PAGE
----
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 Post subject: Padiham Stepping Stones
PostPosted: Sat Feb 23, 2008 8:08 am 

Joined: Sun Aug 26, 2007 9:53 pm
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Location: New Zealand
In his memoir, my Great Uncle Tom talks of walking to Padiham Stepping Stones. They were large, square stones set into the bed of the Caulder River. He goes on to describe how they were so worn (by foot traffic?) that in the rain the river couldn't be crossed. I'm guessing they became so slippery ...?
Are the Padiham Stepping Stones still there? Does anyone know?


Glenys

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PostPosted: Sat Feb 23, 2008 8:54 am 
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Hi Glenys
A nice old photograph of the Stepping stones attached with a little bit of history.

http://www.cottontown.org/page.cfm?page ... 4c3c2bfb2f

Workers step out on a long Good Friday
From the Lancashire Evening Telegraph, first published Monday 27th Jul 1998.

Summer Walks with Ron Freethy

ONE of the most "traditional walks" in East Lancashire is down along Ightenhill Park Lane and along Pendle Water to Padiham.

In the 1960s, I lived on Ightenhill and I was given a photograph of a Good Friday scene. It shows crowds of people walking over the stepping stones which have now been replaced by a functional bridge.

This is still a wonderful walk of contrasts with a splendid woodland, open fields and lots of riverside scenery.

The sandy banks are ideal breeding grounds for sand martins. Looking through my old diaries, I have an impressive list of bird sightings over the years which includes a goshawk and a greenshank.

All this means that occasionally rare birds turn up but the Ightenhill area is excellent for what may be described as general bird watching.

The walk towards Padiham leads to the confluence of Pendle Water with the River Calder; there are views across the river to Gawthorpe Hall. A casual look at this area can be a bit confusing because there seems to be one "real" river and one dry course.

This dates to the industrial revolution. When the Calder was polluted, the Kay Shuttleworth family diverted the river away from their hall to get rid of the stench. Once the situation improved, the old river course was returned.

The woodland area is also interesting and I love the summer when the bracken starts to grow. As the fern (bracken is the most common of British ferns) unfolds it looks just like a shepherd's crook. Bluebells, golden saxifrage, wood sorrel and red campion also grow well here. You would never guess it, but this area would have looked much different 100 years ago. Actually this was full of coal mines and these scars have all healed and the stroll from Ightenhill to Padiham is now a wonderful area for naturalists.

When East Lancashire was producing most of the world's cotton, the supply of fuel was essential. Most of the mills were situated close to the coal supply and this means that production costs were kept to a minimum.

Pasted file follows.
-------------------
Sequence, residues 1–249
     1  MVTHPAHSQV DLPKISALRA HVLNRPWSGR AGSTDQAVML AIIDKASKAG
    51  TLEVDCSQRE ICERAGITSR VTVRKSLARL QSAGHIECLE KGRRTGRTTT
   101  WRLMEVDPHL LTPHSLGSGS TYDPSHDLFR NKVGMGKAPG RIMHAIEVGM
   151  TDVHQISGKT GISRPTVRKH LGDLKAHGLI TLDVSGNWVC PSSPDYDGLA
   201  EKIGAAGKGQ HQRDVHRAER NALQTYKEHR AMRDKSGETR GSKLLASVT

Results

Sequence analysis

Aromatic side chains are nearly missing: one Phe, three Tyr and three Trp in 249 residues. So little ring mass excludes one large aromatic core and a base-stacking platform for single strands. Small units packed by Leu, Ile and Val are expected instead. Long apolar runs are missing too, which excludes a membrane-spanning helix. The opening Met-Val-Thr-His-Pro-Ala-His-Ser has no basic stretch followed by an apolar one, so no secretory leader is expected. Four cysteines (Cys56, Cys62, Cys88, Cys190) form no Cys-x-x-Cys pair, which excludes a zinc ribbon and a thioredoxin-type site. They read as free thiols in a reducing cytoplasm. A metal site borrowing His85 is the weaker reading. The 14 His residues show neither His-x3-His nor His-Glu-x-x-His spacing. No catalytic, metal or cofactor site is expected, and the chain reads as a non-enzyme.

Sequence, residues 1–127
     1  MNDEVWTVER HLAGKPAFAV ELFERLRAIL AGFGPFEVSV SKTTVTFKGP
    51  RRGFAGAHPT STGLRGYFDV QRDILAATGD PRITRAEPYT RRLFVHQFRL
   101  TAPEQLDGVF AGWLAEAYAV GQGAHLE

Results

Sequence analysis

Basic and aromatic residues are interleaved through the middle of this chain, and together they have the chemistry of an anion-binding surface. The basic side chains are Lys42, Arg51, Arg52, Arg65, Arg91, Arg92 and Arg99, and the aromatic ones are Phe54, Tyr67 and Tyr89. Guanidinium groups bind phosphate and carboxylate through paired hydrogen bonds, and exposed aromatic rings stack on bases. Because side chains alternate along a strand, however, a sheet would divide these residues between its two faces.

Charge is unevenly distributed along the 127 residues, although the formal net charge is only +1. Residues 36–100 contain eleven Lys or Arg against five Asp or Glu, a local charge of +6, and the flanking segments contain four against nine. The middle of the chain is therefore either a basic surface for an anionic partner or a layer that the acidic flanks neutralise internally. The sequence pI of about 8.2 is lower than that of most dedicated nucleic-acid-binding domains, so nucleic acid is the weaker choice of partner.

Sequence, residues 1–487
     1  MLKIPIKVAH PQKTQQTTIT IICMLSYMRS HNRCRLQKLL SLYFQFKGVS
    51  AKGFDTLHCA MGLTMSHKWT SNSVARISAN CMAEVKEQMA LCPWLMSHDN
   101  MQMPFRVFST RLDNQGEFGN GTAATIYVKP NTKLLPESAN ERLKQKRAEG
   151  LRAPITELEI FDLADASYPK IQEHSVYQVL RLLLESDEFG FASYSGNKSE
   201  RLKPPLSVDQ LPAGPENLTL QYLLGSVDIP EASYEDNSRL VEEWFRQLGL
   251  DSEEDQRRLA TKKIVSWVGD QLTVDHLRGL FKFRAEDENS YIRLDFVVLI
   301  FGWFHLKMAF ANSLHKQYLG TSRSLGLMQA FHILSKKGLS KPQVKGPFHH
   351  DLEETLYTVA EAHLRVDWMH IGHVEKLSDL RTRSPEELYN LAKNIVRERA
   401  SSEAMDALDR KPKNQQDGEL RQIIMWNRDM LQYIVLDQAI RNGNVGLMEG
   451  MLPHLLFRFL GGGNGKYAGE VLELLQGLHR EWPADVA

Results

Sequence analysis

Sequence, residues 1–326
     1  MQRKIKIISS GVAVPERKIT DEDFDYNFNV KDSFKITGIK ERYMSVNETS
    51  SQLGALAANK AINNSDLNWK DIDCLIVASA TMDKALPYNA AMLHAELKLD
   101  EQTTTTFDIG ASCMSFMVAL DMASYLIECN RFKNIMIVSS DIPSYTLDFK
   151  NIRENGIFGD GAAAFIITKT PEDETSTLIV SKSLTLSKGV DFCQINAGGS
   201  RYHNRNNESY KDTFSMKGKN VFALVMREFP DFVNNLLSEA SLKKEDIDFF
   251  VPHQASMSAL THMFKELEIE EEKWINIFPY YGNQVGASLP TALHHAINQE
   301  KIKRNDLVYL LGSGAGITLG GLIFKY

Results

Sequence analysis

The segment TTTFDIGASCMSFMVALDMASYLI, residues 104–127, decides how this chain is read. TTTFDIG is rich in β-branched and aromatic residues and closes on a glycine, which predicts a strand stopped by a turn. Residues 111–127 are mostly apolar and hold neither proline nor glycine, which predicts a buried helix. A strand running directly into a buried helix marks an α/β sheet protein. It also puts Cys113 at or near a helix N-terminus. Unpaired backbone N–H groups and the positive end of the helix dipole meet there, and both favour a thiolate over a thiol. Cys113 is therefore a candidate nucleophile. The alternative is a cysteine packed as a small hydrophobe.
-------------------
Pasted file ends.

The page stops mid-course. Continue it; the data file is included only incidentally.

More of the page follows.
The mill workers toiled hard and long, but they also knew how to enjoy themselves. Walking was a hobby for many people as the photograph of the stepping stones at Ightenhill clearly shows.

I have in my possession a number of diaries written by mill workers proving that they were just as interested in history and natural history as we are today.

Natural history clubs were common and the workers read about birds and botany by propping their books against the looms. In those days, corncrakes were common whereas nowadays they are seldom seen and never breed. The reason is that this bird breeds among growing crops which were harvested later than is the case today.

We now have chemicals which allow the crops to grow fast. The crops are also cut quickly by machinery and the corncrakes were mown down.

The corncrake, which is a migrant, now passes through England and breeds in the Outer Hebrides where fewer chemicals are used and crops are still cut by hand.

If there are fewer corncrakes around Padiham these days, there are certainly more swifts, swallows and martins than there used to be.

This is because the mill chimneys have gone, there is less smoke, more insects and therefore more birds which feed upon them.

The Ightenhill to Padiham walk has always been interesting and although some things have changed, this is still one of the best riverside walks in Lancashire

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PostPosted: Mon Feb 25, 2008 1:46 pm 
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I have been reliably informed that they are still there.

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PostPosted: Mon Feb 25, 2008 2:35 pm 
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I had a look on the birds eye view on Livemaps Gloria,You can see clearly the newish footbridge over the river but not the stepping stones.I must walk down one day and have a look.

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PostPosted: Mon Feb 25, 2008 3:32 pm 
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David, it certainly looks like you are right----my reliable source is not so reliable after all.

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